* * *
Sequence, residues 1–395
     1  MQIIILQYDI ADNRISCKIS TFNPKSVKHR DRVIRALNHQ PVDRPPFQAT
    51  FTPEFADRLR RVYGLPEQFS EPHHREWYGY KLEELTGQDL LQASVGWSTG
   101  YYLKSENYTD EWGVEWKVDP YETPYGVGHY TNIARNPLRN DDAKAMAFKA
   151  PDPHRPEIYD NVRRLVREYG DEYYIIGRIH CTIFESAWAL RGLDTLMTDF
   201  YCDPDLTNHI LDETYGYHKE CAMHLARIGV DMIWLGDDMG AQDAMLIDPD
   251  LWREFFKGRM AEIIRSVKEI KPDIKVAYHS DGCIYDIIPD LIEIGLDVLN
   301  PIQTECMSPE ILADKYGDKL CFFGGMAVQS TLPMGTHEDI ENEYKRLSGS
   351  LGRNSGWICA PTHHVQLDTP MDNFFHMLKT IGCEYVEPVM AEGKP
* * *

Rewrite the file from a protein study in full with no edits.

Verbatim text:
Sequence, residues 1–395
     1  MQIIILQYDI ADNRISCKIS TFNPKSVKHR DRVIRALNHQ PVDRPPFQAT
    51  FTPEFADRLR RVYGLPEQFS EPHHREWYGY KLEELTGQDL LQASVGWSTG
   101  YYLKSENYTD EWGVEWKVDP YETPYGVGHY TNIARNPLRN DDAKAMAFKA
   151  PDPHRPEIYD NVRRLVREYG DEYYIIGRIH CTIFESAWAL RGLDTLMTDF
   201  YCDPDLTNHI LDETYGYHKE CAMHLARIGV DMIWLGDDMG AQDAMLIDPD
   251  LWREFFKGRM AEIIRSVKEI KPDIKVAYHS DGCIYDIIPD LIEIGLDVLN
   301  PIQTECMSPE ILADKYGDKL CFFGGMAVQS TLPMGTHEDI ENEYKRLSGS
   351  LGRNSGWICA PTHHVQLDTP MDNFFHMLKT IGCEYVEPVM AEGKP